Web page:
The rebirth of Milan after 1945 clearly reveals how essential and crucial culture is to reconstruction. In August 1943, in an attempt to sway the Badoglio administration in Italy to sign the armistice, Milan was the target of carpet bombing.
The list of all damage suffered by the city is still striking and moving today: the Brera district, the Poldi Pezzoli museum, Palazzo Reale, the Duomo cathedral, the Teatro alla Scala, and the miracle of the Last Supper.
That night, a bomb hit the cloister of Santa Maria delle Grazie, shattering the refectory east side and toppling the roof. At dawn, the Dominican friars found that the only wall still standing was the one bearing the fresco, as it had been sheltered by the sandbags and wooden scaffolding put in place by the Superintendent in 1940.
What should be acknowledged are the memorable efforts of the heroes of culture that in those years, across all Italy – and for honesty, with extraordinary help from the Vatican and Pope Paul VI too – saved most of the masterpieces of Italian painting and sculpture from the Nazi bombings and plunder.
In April 1945, in the first hours of freedom, the first measures taken involved committing to providing medications, ensuring access to libraries, supporting culture, and starting to rebuild the bombed buildings, first of all the Teatro alla Scala.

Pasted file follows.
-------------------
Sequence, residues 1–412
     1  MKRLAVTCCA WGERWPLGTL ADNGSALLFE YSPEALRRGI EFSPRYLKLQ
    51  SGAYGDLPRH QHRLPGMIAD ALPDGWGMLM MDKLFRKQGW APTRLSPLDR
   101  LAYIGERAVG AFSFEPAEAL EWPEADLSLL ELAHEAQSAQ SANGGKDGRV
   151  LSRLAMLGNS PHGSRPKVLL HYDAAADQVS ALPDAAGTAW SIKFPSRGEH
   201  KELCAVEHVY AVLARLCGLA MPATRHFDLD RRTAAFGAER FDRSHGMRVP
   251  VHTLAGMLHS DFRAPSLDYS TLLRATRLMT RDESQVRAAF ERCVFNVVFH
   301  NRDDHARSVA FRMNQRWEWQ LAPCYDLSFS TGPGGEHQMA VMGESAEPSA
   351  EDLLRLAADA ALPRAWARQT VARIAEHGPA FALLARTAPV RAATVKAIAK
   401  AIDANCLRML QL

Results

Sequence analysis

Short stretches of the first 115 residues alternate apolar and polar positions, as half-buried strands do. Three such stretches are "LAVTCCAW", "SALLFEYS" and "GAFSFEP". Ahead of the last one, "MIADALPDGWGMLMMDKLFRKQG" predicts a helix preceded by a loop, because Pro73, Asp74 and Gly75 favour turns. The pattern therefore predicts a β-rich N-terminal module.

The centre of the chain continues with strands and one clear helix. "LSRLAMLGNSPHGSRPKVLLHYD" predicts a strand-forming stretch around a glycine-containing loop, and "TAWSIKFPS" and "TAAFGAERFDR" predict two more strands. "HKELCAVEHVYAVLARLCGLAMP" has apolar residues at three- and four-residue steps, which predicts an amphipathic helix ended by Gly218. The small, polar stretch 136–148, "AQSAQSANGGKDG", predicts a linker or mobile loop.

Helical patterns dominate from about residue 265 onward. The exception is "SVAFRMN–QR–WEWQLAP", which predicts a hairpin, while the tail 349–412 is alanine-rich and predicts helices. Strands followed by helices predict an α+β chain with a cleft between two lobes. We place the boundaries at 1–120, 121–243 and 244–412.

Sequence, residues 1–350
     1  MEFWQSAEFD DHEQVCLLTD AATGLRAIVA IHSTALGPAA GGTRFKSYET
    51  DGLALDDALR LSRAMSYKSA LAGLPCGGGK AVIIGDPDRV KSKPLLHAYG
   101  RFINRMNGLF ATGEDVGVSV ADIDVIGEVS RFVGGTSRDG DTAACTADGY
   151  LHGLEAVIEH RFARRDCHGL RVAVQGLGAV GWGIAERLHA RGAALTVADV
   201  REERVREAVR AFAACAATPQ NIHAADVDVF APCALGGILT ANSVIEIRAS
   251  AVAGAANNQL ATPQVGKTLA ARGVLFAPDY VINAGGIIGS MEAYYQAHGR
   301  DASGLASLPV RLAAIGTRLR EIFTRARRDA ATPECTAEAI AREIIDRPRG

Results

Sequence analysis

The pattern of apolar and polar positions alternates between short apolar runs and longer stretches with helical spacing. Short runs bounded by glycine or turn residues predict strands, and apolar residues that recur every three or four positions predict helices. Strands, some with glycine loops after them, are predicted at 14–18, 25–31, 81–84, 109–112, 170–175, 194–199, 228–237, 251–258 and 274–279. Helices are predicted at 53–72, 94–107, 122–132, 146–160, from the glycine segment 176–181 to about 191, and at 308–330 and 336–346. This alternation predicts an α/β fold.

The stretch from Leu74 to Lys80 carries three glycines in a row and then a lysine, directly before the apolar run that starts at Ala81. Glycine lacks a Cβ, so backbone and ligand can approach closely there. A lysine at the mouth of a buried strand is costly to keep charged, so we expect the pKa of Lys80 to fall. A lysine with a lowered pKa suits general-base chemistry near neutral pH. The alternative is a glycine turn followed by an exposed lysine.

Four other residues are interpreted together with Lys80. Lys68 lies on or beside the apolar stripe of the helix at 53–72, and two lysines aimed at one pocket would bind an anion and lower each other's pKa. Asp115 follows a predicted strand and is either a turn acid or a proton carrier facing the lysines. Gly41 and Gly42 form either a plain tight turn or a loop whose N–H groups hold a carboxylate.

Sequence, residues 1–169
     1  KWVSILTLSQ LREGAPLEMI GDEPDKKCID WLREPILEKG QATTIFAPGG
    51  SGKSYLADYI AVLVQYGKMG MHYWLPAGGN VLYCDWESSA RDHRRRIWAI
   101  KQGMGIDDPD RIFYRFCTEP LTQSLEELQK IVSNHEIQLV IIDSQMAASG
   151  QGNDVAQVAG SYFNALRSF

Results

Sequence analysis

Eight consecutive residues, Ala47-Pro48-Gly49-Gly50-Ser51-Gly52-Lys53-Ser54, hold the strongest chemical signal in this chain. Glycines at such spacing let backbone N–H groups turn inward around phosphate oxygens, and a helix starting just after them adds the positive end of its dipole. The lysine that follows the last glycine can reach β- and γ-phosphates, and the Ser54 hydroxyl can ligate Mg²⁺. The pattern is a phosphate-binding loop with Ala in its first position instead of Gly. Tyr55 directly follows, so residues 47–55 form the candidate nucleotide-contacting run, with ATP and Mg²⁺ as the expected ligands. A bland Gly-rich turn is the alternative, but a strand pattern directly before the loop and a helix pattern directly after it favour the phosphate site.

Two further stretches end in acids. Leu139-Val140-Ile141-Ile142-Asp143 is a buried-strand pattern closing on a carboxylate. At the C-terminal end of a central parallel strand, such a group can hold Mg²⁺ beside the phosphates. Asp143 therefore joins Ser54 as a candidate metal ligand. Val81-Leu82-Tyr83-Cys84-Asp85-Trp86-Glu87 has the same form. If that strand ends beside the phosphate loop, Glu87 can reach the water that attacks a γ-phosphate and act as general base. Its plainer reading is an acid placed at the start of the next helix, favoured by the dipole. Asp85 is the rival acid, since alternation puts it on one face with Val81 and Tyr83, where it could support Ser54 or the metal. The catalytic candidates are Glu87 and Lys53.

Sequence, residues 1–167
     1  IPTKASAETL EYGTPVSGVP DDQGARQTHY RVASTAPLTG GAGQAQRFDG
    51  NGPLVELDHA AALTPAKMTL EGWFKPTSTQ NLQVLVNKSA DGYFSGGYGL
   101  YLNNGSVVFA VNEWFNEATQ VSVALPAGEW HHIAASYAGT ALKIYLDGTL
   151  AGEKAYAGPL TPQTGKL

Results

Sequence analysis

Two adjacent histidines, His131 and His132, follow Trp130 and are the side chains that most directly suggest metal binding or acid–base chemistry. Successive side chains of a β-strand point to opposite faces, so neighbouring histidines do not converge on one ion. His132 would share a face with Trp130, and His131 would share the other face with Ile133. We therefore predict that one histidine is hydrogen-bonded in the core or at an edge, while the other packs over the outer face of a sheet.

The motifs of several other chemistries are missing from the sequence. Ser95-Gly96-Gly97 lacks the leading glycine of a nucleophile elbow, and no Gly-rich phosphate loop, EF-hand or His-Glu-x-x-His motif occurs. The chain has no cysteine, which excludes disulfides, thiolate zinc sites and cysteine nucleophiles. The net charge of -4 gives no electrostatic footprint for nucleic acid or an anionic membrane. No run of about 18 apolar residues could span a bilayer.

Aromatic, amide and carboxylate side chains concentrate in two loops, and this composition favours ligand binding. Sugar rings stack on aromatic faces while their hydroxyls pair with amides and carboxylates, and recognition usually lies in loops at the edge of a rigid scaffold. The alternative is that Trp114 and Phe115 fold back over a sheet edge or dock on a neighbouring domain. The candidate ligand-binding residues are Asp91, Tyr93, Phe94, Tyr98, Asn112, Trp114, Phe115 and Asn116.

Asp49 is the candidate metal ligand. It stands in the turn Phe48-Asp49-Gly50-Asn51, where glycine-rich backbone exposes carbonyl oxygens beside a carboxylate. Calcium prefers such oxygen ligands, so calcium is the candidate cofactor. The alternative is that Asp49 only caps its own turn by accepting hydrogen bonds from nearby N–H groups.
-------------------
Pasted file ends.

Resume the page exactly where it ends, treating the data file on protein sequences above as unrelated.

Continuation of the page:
And it was certainly not by chance that a manufacturer was the first to provide funds to buy penicillin, which was highly expensive back then. For twenty-seven years, Antonio Ghiringhelli worked as the Superintendent of the Teatro alla Scala, and orchestrated the reconstruction of Milan’s theatres.
La Scala reopened in record time on May 11, 1946, with an Italian music concert conducted by Arturo Toscanini: that night, Milan was reborn, and Italy was too.
After the war, everyone was united by the effort of breathing soul into the reconstruction, by bringing cultural venues back to life, or creating new ones.
It is on culture that Milan and Italy founded their postwar economic and civil reconstruction. In 1951, the grand exhibition on Caravaggio, the one on Picasso featuring Guernica, and the show on European photography in Brera sealed what would be Milan’s place and role on the international stage.
In 2005, the President of the Italian Republic Carlo Azeglio Ciampi honored Pasquale Rotondi, who contributed to save countless works of art during war, by presenting his daughters with a gold medal for merit to culture. As he said
investing in culture, believing in culture is a necessity for us as Italians. If our museums work, if our cinema works, if our theatre works, then the whole Italian society works better, and our economy with it
It is thus from culture that Italians should restart, an effort that not only institutions will have to make, but anyone who lives and works in this world, or benefits from it. A real political commitment, meaning that it will depend on everyone. Everyone should be ready for it – and never forget that, rhetoric aside, it is from the great plagues that the Italian Renaissance bloomed.
Thanks to Alberto Meomartini, co-author with historian Andrea Villa of a book to be released in October 2020, on the women and men who saved Italy’s art from World War II